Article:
BANNING BOOKS — An UnAmerica Act

child reading book: words have power read a banned book
Image courtesy ALA.org

Schools are supposed to be places where we encourage young people to do exactly that — think. It’s a place to be exposed to a wide range of ideas and learn how to evaluate them critically.

I’m the parent of teenage children and one of the most important lessons I’ve learned in all my years of being a mom is that kids learn most from the behavior you model as a parent. It makes me wonder what lesson the parents who challenge books are conveying to their kids. That certain viewpoints are “acceptable” and “correct” in a democratic society and others are not? That young people don’t have the emotional or intellectual intelligence to be able to read about certain behaviors without automatically trying to emulate them?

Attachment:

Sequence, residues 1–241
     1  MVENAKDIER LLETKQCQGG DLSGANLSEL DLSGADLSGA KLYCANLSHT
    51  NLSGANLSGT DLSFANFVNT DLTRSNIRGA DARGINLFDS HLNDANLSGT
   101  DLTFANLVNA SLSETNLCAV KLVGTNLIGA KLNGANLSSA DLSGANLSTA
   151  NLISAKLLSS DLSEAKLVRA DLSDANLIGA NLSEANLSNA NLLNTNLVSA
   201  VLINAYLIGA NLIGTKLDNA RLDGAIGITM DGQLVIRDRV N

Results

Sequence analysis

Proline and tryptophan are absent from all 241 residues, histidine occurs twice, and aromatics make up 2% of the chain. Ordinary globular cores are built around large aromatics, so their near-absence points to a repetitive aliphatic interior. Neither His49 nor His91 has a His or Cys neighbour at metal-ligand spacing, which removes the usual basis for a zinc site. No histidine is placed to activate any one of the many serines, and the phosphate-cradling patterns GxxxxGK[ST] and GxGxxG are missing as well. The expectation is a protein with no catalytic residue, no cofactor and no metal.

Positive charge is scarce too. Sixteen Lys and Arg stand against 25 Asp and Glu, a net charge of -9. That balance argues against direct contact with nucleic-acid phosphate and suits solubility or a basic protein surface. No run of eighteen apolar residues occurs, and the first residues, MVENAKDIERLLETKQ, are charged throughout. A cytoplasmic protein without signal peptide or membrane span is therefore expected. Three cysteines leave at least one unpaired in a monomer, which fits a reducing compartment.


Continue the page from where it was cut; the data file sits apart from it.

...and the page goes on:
Sharing a book is a great way to start a conversation, and that’s another thing I’ve learned: being a good parent is all about the conversations.

What other parents are not entitled to do, under any circumstances, is to restrict access to the books my kids read.

--

--

Get the Medium app

A button that says 'Download on the App Store', and if clicked it will lead you to the iOS App store
A button that says 'Get it on, Google Play', and if clicked it will lead you to the Google Play store
Sarah Darer Littman

Sarah Darer Littman

insatiably curious middle-grade/young adult author, writing mentor. SOME KIND OF HATE 11/1/22 Scholastic Press #medialiteracy sarahdarerlittman.com